Only a limited number of people are permitted to hike the Inca Trail each year. If you have your heart set on this classic trek to Machu Picchu, be sure to book your trek months in advance to get permits for your desired dates.
Peru Travel Advice
Lima offers history, world-class museums, an unbeatable foodie scene, and the second-largest cityscape in South America. Not sure where to start? To the rescue: a foolproof plan for a perfect day in the Peruvian capital.
Grab some popcorn! Your adventures in Peru will be even more fulfilling if you take the time to watch a film or two before you begin the trip. And these comedies, biopics, and documentaries aren't just educational—they're entertaining, too.
Peru's cuisine has been hitting the headlines in restaurants around the world for a while now, and rightly so: its colorful, spicy takes on meat, fish, and potato dishes are one-of-a-kind. This journey into Peru's fascinating gastronomy identifies the best of the must-try foods and the ideal places to sample them.
Machu Picchu draws well in excess of one million visitors annually, but hundreds of less-frequented Incan ruins lie scattered in the jungle and mountains around Cusco. Most are surrounded by equally spectacular scenery, and many are reachable via epic hikes. Here's a list of the most impressive Incan ruins to visit while evading the tourist crowds.
Starting a new book is like opening the door to another world. Get in the mood for your trip to Peru by delving into one of these recommended titles: from fiction to history to poetry, they're great introductions to the country and its culture.
With its mysterious Inca ruins, quaint villages, beautiful sunsets and colorful Quechua culture, Peru makes for a fascinating and romantic honeymoon. The following list covers the best places to visit in Peru after you say “I do.”
Exploring Inca ruins, watching Amazon wildlife, riding dune buggies, rafting on river rapids, petting alpaca, learning to make chocolate - Peru has so much that will captivate children and adults alike. So if you want to explore this fascinating country with your family, this guide will tell you all you need to know - from the best destinations and activities, to how to prepare for challenging terrain.
Trekking to Machu Picchu is a dream for many travelers—but there's more than one way to get there. The classic Inca Trail lets trekkers walk in the steps of the Incas, while the more remote Salkantay route offers solitude and wildlife. Compare your options for getting to Peru's most famous place on foot, from distance and cost to overnight options.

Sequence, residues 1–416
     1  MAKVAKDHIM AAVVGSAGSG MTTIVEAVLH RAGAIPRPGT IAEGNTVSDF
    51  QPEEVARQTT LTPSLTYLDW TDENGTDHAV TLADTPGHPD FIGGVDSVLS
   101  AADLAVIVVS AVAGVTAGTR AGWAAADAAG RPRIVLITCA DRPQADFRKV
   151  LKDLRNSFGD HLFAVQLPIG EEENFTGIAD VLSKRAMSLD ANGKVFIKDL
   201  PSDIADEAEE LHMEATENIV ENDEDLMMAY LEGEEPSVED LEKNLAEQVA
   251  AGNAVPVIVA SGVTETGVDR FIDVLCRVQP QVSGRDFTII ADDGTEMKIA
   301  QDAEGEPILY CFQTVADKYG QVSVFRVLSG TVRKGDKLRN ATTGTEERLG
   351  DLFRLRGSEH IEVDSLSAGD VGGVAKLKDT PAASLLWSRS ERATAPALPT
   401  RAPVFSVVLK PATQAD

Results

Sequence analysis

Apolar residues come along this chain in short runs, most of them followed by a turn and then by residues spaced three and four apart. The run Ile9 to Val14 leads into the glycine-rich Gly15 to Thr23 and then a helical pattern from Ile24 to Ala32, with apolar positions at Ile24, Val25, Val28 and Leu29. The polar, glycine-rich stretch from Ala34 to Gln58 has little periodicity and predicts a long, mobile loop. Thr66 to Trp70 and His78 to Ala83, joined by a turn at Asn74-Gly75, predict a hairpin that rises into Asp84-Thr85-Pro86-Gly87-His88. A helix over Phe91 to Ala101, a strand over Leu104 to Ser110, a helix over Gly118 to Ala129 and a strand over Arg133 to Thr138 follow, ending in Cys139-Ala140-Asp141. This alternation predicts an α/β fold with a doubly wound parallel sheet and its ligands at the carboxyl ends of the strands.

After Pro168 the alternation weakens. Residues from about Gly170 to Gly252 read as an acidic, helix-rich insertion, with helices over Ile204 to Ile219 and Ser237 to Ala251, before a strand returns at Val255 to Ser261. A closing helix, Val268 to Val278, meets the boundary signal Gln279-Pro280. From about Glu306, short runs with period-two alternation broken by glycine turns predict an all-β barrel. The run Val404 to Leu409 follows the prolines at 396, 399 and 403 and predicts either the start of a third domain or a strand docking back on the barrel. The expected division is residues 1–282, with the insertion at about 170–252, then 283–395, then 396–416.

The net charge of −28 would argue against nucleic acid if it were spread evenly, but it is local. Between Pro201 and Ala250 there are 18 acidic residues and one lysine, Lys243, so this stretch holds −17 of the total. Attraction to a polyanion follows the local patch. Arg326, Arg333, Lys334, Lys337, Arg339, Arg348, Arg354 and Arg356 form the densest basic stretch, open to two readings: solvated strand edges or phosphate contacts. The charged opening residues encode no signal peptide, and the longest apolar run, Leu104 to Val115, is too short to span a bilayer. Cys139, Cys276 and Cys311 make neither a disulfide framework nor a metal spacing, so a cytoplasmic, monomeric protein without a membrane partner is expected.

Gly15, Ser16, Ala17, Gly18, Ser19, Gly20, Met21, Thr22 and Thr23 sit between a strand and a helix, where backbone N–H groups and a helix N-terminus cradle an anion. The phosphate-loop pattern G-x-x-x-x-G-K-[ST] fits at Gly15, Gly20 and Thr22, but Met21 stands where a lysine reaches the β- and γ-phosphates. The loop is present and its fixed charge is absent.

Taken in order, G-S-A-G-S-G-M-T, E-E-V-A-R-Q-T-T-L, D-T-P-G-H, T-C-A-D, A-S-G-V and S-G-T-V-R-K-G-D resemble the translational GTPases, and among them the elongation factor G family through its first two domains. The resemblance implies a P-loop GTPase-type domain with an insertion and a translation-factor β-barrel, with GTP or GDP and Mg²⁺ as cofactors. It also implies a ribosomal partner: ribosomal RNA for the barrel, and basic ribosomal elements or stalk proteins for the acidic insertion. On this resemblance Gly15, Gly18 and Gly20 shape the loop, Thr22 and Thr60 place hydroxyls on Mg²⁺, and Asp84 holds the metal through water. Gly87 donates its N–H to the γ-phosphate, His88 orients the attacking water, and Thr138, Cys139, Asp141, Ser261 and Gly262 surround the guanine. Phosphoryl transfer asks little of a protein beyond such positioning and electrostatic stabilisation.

All aboard! Trains are a practical solution for traveling in Peru: they transport travelers between key destinations around the country, and they're also a wonderful way to take in the landscape and get a taste of old-world glamour. The following rail journeys are classic adventures you won't want to miss on your trip to South America.
Sleep in a palace, take a ceviche class with a local chef, or indulge in a spa treatment incorporating ancient Inca ingredients. Peru offers countless luxurious experiences to choose from—here are a few favorites.
Travelers love Peru for its incredible food scene, stunning landscapes, and mesmerizing ruins of ancient civilizations. It's a place that's well-prepared for tourists, but as the third-largest country in South America, Peru is also vast in size. Read on for tips as you plan your adventure.
Cusco is second only to Lima as Peru's culinary capital. It seems as if every arch, arcade, and alleyway of the Plaza de Armas harbors a serendipitous eatery—and the standard of dining is high and ever evolving. From hearty, carb-rich Andean fare to a gamut of international offerings, here are the best places to eat out in Cusco.
Peace and quiet at Machu Picchu? Yes, it's possible—if you know when to go. Here's how to make the most of your time in Peru during the off-season, whether you're headed to Incan ruins, the rainforest, the mountains, or the beach.
The Incan citadel of Machu Picchu is the most popular destination in Peru. But once you're there, it only takes a day or two to explore. What's next on your agenda? Visit a glacial lake, get your culinary fix in Lima, or bike the hills of the Sacred Valley—all within a short distance from Cusco and Aguas Calientes.